But the bullpen picked him up.

“Pitchers weren’t missing many spots, all on the corners,” Montero said. “League was great. His split was working. He was amazing on the mound.”

Like most of the rest of the young Mariners, Montero didn’t quite know how to act.

“It’s my first no-hitter — I don’t want to leave the clubhouse,” he said. “We want to celebrate.”

The no-hitter was the club’s third, following Randy Johnson in 1990 and Chris Bosio in 1993.


YourThoughts

  • Joe Fan

    Way to go M’s!!

    • Artthiel

       And against the Dodgers, who just swept the Phillies. Nice to see another team get screwed by cross country travel.

      • Joe Fan

        I think we need to move the fences in Art so these poor visiting teams can hit better!

        • Artthiel

           How about just beyond the infield dirt. Fun for everyone, even Chone Figgins!

  • Joe Fan

    Way to go M’s!!

    • Artthiel

       And against the Dodgers, who just swept the Phillies. Nice to see another team get screwed by cross country travel.

      • Joe Fan

        I think we need to move the fences in Art so these poor visiting teams can hit better!

        • Artthiel

           How about just beyond the infield dirt. Fun for everyone, even Chone Figgins!

  • jafabian

    A stock photo?  I say this because this photo has Millwood in his white home uniform and the M’s had their teal jerseys on.

    I was thinking at some point Millwood would give up a hit and when he went out I thought they’d have a shot at a combined no-hitter, especially with Kemp not playing for the Dodgers.

    And to think this club had a perfect game thrown against them not too long ago!  Whatta cofidence booster for them.  Especially for Montero when his skills behind the plate have been called into question.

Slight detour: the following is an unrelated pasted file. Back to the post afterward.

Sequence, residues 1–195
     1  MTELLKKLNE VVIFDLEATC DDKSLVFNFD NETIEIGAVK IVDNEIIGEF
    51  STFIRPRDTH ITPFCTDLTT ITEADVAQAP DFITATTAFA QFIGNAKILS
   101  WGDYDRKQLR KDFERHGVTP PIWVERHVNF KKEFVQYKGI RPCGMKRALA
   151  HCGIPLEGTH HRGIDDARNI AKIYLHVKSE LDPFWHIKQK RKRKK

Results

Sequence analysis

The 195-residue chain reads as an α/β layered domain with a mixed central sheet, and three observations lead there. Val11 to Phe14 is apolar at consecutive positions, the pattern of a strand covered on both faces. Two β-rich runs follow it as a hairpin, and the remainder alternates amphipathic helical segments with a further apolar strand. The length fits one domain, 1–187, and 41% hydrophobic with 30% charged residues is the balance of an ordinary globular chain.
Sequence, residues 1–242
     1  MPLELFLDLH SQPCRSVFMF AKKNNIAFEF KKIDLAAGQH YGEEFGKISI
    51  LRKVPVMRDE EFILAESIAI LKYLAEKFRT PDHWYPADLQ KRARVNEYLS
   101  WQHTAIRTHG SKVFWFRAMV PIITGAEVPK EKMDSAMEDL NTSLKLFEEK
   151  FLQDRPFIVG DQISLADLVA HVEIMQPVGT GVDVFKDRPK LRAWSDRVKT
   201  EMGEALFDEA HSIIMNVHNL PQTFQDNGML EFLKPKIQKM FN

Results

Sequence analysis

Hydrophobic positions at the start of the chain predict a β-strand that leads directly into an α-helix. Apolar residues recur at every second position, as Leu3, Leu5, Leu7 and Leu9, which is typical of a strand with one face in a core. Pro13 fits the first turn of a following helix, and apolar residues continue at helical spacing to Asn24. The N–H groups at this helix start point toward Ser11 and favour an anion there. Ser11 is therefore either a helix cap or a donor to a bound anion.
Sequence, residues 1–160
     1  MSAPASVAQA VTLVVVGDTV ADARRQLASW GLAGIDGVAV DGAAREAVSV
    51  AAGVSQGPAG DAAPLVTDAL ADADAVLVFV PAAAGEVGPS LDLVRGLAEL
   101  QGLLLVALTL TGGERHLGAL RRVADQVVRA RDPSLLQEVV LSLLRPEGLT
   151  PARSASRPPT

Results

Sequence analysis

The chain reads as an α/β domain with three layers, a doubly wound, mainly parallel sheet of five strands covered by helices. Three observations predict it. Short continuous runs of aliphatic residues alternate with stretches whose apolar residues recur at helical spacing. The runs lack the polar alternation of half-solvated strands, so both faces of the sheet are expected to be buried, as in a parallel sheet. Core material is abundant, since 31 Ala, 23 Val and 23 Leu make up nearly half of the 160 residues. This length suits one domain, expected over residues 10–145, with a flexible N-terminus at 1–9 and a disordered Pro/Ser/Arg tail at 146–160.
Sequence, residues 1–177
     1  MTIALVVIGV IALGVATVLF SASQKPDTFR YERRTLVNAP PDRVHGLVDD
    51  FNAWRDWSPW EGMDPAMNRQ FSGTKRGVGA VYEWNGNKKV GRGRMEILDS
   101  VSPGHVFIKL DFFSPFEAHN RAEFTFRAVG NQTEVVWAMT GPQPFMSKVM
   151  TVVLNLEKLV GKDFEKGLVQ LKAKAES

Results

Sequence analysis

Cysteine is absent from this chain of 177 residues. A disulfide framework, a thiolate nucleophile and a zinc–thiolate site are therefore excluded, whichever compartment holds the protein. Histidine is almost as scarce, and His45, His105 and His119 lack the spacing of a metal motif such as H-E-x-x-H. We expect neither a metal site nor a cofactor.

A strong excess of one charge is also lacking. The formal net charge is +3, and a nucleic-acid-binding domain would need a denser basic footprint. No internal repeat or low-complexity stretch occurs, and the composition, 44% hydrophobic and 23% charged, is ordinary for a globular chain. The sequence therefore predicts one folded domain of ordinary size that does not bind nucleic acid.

• Artthiel

       Being a no-hit perp as well as victim in the same season is freaky. You nailed the best hidden gem of the evening: Montero didn’t screw it up.

      And yes the photo was from earlier in the year. That’s while it says “file” in the credit line.

  • jafabian

    A stock photo?  I say this because this photo has Millwood in his white home uniform and the M’s had their teal jerseys on.

    I was thinking at some point Millwood would give up a hit and when he went out I thought they’d have a shot at a combined no-hitter, especially with Kemp not playing for the Dodgers.

    And to think this club had a perfect game thrown against them not too long ago!  Whatta cofidence booster for them.  Especially for Montero when his skills behind the plate have been called into question.

    • Artthiel

       Being a no-hit perp as well as victim in the same season is freaky. You nailed the best hidden gem of the evening: Montero didn’t screw it up.

      And yes the photo was from earlier in the year. That’s while it says “file” in the credit line.

  • RadioGuy

    Great to see a no-hitter (is this the most pitchers to ever combine for one in MLB?) and credit is due to Millwood for setting it up as well as the young bullpen coming through under pressure over the last three innings.  But let’s look at how that lone run was scored:

    Ichiro essentially manufactured the lone run of the game in the seventh by running out a two-out infield grounder and then stealing second before taking two bases on Seager’s dink to left, but that got buried in a short paragraph late in the story.  If Ichiro doesn’t do what he did, they might’ve played until curfew and carried the game over to this afternoon.  He’s not worth what they’re paying him now, but nobody else on the Seattle roster could’ve done what Ichiro did except MAYBE Saunders.